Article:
27th April – 14th May 2017
‘[The] simple act of tying a knot is an adventure in unlimited space … an excursion that is limited only by the scope of our own imagery and the length of the rope makers coil.’
Clifford Ashley, The Ashley Book of Knots
From 27th April to 14th May, Lewisham Art House will present KNOTS, an exhibition of new work by Shiree Allen, Nancy Edwards, Jo Evans and Liz Workman.
Knots are everywhere in our daily life, often overlooked but always invaluable. Working in print, photography, sculpture and works on paper, each artist has responded to the theme of knots: the literal (tangled, connected, binding, tension, repetition); the psychological and emotional (stomach knots, ‘certain knot of peace’, tying the knot); and the mythological (Gordian knots, Heraldic knots). A collaborative sculpture forms the centre piece of the exhibition.
Shiree Allen’s work is inspired by the tall ship building and the debris of the past that can be found on the banks of the Thames. She contrasts this with the industrialisation of modern London; the tangle of buildings, railways, road and river that can still be seen from high above. Creating intriguing and detailed prints of these aerial views, Allen combines the chaos of knotted roads and buildings with the nails, washers and pulleys, that remain long after the rope that made the ships has decayed.
Nancy Edwards focuses on the connections and constraints of relationships; how these ebb and flow over time, increasing in intensity, wavering as priorities change. Working with paper and thread her delicate and precise works use repetition, order and misplacement to explore the ways these ties are made, broken, strengthened and subverted. Tension sustains the fragile structures she constructs, whilst simultaneously testing their integrity.
For Jo Evans, a rope knot found washed up on the beach, provided the starting point for an exploration of the psychological and emotional associations of knots. She positions the ‘knot’ as a bind, a tangle, a problem to be solved and a metaphor for the process of art making. Through drawing and text-based works she considers the patterns of behaviour we are compelled to repeat.
Liz Workman’s photography looks at repetitive tasks unconsciously performed, mapping and recording these unseen routes taken in our everyday lives. In her work Spider she weaves a giant cobweb around her home while tidying to create something beautiful, fragile and temporary from a necessary but mundane routine.
Further information and images:
Friday 28th April 2017
27th April – 14th May 2017
Open Thursday to Sunday 12-6 pm
PLAY/Make – a celebration of making
19th – 23rd April 2017
Lewisham Art House is delighted to invite you to PLAY/MAKE – an exciting, interactive exhibition that celebrates the long tradition of running and hosting learning projects at the Arthouse. It will show-case the wide and varied programmes we support, including musical events, adult classes, film evenings, children’s art lab, ceramics, mo-saics, printing, life drawing, photography and painting as well as the popular Graduate and Curatorial Awards that we run.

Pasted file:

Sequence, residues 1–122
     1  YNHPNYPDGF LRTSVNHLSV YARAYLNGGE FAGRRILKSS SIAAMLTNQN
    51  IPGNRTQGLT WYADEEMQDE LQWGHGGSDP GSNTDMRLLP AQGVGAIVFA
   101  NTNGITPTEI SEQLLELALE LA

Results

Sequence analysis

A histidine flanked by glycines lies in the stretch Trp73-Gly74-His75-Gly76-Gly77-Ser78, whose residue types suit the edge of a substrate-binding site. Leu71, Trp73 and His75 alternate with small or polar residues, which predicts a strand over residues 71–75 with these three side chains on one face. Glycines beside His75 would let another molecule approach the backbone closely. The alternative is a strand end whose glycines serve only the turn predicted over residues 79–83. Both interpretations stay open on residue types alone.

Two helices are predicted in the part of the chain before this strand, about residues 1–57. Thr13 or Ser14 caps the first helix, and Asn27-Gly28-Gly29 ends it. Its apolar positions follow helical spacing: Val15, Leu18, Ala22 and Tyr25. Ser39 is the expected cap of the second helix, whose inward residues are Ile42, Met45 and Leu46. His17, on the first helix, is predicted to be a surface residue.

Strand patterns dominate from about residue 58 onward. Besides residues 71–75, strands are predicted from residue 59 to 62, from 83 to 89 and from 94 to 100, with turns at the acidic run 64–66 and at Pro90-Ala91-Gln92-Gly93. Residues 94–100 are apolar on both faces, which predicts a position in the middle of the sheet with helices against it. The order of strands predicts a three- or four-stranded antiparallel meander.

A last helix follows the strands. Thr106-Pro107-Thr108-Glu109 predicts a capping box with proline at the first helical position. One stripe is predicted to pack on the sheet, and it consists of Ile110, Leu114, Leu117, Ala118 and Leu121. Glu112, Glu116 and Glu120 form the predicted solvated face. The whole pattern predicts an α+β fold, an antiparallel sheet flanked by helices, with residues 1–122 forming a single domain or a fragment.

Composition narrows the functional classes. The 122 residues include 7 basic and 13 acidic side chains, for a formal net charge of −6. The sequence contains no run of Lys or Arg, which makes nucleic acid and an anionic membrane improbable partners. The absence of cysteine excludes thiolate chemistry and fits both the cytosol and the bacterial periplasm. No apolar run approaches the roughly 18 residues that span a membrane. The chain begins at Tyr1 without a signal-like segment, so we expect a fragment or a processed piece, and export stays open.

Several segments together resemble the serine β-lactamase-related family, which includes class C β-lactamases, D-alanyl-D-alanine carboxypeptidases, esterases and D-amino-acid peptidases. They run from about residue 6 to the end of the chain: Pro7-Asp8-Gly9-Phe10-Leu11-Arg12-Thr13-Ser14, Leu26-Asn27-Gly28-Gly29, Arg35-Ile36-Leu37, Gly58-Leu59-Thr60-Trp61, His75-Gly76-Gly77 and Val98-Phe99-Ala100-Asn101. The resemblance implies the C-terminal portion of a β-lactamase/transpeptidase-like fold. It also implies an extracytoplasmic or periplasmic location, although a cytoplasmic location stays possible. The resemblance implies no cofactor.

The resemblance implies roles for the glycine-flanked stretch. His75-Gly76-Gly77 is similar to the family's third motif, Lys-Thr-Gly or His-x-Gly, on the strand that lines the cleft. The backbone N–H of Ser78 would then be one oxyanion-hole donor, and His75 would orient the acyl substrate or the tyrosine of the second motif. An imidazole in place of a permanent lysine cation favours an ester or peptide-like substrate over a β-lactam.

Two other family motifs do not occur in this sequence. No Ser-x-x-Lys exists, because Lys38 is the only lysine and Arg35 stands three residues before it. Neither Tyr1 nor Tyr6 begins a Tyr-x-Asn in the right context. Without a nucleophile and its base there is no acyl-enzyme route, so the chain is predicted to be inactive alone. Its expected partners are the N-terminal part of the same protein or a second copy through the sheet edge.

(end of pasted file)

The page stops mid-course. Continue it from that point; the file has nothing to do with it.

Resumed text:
This exhibition also profiles our outreach work at local schools and estates, such as the “Making Works”, sponsored by Affinity Sutton, Lewisham People’s Day, Deptford X and our events at major London galleries, including the Tate Modern and The South Bank Centre.
Come along and try one of our free taster workshops on Sat 22nd & Sun 23rd April 2 – 5 pm – there will be something for everyone !
Wednesday 19th April 2017 6pm – 9pm
19th – 23rd April 2017
Open Wednesday to Sunday 12-6 pm
John Berger Night: Ways of Seeing/Man with a Movie Camera
27th April 2017
Lewisham Arthouse will be participating in the New Cross & Deptford 2017 Free Film Festival (21st – 30th April).
As a tribute to John Berger who died in January, we are screening episode one of his groundbreaking TV series Ways of Seeing from 1972.
Ways of Seeing helped to re-define our approach to culture and brought Walter Benjamin’s ideas of art in the age of mechanical reproduction to a wider audience. Berger describes how the camera changed the way we perceive reality and Vertov’s 1929 masterpiece uses every trick in the cinematic book to upend our perceptions to dizzying effect.
Dynamic, playful and sexy, Man with a Movie Camera helped to expand the language of cinema in ways that still seem fresh and exciting today.
Screening at 8:00pm
Free (No ticket required – First come first served)
Running Time 30 mins/80 mins
Lewisham Art House curates and helps organize contemporary art exhibitions and associated events. The Project Space offers a fantastic opportunity for artists, and curators to realise experimental works, and contribute to an engaging and ambitious programme.
Our hire fee to use the Project Space is amongst the most affordable in London. Please see our terms and conditions for full details. If you are a curator, artist or someone with an idea, please get in touch
Send your applications to:
140 Lewisham Way
London SE14 6PD